- Don’t be afraid to apologize and do better. No one knows everything. You’re going to screw up. I’ve probably screwed something up in this blog post series without even knowing or meaning to. It’s ok. Admit when you are wrong, learn, do better. That’s life. We are so committed to being right no matter what, I’m not sure if that is a modern phenomenon but it’s asinine. Learning and growing is living.
- Keep not taking things personally.
- Read black writers. Listen to black artists and musicians. Listen to black podcasts. Consume media meant for black people. If you have a platform, use it to amplify black voices.
- Make some damn black friends.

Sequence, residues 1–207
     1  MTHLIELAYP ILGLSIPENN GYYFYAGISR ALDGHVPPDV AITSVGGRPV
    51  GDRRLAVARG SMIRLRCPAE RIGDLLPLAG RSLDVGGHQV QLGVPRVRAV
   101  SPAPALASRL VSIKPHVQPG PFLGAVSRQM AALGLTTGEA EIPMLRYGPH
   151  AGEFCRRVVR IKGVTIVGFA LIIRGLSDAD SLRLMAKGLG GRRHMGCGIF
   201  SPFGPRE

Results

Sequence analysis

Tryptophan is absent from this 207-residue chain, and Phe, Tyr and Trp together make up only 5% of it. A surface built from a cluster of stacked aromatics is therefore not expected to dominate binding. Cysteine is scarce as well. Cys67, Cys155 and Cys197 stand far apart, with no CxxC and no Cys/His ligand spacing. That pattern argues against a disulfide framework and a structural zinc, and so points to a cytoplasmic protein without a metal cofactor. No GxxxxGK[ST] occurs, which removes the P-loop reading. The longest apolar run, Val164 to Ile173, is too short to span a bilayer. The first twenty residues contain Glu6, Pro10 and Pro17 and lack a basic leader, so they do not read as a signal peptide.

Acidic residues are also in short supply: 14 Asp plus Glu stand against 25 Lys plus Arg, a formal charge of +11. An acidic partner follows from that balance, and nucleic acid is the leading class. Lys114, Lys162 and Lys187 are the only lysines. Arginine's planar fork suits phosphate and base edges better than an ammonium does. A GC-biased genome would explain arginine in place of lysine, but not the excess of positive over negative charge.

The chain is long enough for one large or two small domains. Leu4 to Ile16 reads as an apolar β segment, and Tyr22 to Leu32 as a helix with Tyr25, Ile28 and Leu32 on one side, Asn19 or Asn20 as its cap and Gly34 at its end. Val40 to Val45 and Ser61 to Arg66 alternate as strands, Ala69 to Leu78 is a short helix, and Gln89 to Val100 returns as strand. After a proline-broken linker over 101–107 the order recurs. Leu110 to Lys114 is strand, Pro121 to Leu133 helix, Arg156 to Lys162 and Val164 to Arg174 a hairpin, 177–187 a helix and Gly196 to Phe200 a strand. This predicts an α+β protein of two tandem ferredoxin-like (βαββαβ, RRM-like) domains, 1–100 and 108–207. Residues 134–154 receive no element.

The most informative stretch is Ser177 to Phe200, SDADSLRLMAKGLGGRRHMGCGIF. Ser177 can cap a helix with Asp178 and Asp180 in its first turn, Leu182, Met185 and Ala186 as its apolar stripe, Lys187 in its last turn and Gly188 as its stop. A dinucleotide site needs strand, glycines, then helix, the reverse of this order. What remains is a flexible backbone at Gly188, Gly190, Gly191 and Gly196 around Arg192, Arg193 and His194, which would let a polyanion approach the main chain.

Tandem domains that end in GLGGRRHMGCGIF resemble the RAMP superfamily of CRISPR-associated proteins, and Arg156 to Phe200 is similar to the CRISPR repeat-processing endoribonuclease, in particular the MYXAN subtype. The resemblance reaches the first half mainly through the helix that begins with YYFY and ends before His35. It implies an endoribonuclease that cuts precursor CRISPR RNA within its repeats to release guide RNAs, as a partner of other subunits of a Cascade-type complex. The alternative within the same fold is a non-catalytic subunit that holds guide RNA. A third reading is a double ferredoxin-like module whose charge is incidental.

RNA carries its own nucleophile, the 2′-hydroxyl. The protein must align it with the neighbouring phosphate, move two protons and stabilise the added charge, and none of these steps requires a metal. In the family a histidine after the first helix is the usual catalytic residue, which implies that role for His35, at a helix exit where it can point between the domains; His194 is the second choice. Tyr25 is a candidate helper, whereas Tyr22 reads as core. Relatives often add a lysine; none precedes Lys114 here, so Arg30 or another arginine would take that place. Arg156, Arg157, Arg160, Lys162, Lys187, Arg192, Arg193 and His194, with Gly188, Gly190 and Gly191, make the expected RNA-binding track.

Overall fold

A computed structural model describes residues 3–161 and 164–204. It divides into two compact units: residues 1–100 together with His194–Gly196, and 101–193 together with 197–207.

- Every time you figure something out, take that to heart. I have epiphanies all the time lately.
Learning to Unlearn
One of my favorite quotes is the Audre Lorde quote “the master’s tools will never dismantle the master’s house.” I think it’s applicable to many things, I mean she was queer I can apply it to the queer experience too right? Is this where I mess up in my posts? As I said in part two, listening to that episode of the Daily Zeitgeist did a couple things to me: I listened to Dulce and tried to figure out how I am racist. She said everyone is part of the problem so I must be racist too. What I realized was that she was saying “If you’re not part of the problem you can’t be part of the solution.” Got it.